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State funds spending would rise at twice the inflation rate under Governor Pataki's proposed 2005-06 Executive Budget. And despite much-ballyhooed "cuts," state-funded Medicaid costs next year would increase nearly 13 percent. Read More

City-funded spending would increase almost 10 percent under New York's newly adopted budget for fiscal 2005. The budget's financing structure, which relies heavily on prior-year surplus and one-shot revenues, sets the stage for a looming shortfall in fiscal 2006. Read More

The projected "out-year" gap in Mayor Bloomberg's proposed 2005 budget is the largest on record, leaving New York's finances extremely vulnerable to external shocks in the year ahead. City spending is now growing at an unsustainable pace; as a result, barring another boom on the late 1990s scale, Bloomberg could feel increasingly pressed to reduce spending as he approaches the next mayoral election. Read More

New York State spending has outpaced inflation even as tax receipts plummeted since 2001. The state budget is on track to continue growing at twice the inflation rate over next several years—resulting in large projected future budget gaps, and raising the specter of expanded tax hikes." Read More

A tentative contract agreement between Governor George Pataki and New York’s largest union of state government workers would permanently add billions of dollars to New York State and New York City budgets, if it is ratified by union membership and ends up setting a pattern for the state’s other collective bargaining units. Read More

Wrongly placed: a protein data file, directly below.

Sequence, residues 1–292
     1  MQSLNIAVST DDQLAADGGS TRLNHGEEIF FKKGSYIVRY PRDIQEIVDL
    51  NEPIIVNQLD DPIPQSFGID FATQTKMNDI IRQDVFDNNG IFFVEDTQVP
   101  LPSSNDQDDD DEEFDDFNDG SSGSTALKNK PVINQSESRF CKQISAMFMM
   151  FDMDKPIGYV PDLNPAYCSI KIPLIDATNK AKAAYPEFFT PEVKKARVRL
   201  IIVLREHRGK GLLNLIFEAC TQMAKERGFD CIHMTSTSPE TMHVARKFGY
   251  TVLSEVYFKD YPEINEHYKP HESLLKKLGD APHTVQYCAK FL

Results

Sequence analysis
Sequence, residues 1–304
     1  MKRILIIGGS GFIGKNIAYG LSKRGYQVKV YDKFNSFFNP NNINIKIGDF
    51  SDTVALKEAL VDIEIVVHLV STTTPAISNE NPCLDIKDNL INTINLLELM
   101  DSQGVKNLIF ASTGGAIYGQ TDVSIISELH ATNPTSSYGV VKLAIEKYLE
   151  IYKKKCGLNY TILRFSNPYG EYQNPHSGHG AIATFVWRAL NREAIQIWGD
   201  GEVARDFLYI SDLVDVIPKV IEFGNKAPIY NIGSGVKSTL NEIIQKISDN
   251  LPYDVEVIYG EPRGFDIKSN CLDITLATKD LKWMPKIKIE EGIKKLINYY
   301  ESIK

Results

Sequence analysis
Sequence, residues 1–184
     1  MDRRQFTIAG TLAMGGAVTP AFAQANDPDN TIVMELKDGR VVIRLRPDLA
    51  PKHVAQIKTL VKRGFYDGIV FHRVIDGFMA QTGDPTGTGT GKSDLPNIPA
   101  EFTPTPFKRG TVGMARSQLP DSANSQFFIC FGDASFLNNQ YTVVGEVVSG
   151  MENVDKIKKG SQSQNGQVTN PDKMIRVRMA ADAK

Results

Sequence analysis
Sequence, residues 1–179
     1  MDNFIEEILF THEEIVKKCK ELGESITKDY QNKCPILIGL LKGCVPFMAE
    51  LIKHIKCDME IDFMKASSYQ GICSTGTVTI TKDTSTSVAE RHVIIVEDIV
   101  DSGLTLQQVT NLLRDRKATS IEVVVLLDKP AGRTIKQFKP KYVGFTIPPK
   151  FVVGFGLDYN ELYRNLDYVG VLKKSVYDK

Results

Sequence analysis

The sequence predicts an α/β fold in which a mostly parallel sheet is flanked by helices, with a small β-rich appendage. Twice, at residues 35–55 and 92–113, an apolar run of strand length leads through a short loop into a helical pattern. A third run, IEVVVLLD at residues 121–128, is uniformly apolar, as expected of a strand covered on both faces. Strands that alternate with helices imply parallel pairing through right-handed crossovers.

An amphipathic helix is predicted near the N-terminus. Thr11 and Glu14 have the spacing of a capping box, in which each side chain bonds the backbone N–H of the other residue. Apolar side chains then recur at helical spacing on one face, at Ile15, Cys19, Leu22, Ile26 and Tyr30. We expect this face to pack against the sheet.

New York State needs to spend $7 billion more to finance a “sound, basic education” for all pupils, according to the group that successfully sued to overturn the state’s education finance system. What kind of tax hike would it take to pay for such a draconian solution? This memo explores the range of possible answers to that question. Read More

Many New Yorkers who may consider themselves middle class will be paying higher effective marginal rates than billionaires under the "temporary" state and city income tax hikes recently approved by the State Legislature. Read More

New York City’s latest personal income and sales tax increases will result in the loss of an additional 18,250 private sector jobs in the city, and will raise $70 million less than expected, according to the Manhattan Institute’s NYC-STAMP tax model. Read More

Households in the New York City metropolitan area will account for nearly 90 percent of the added state income taxes that New York State residents will pay to help finance spending increases in the 2003-04 state budget, assuming the Legislature overrides Governor Pataki's expected veto. Read More

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Empire Center for Public Policy
30 South Pearl St.
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Albany, NY 12207

Phone: 518-434-3100
Fax: 518-434-3130
E-Mail: info@empirecenter.org

About

The Empire Center is an independent, non-partisan, non-profit think tank located in Albany, New York. Our mission is to make New York a better place to live and work by promoting public policy reforms grounded in free-market principles, personal responsibility, and the ideals of effective and accountable government.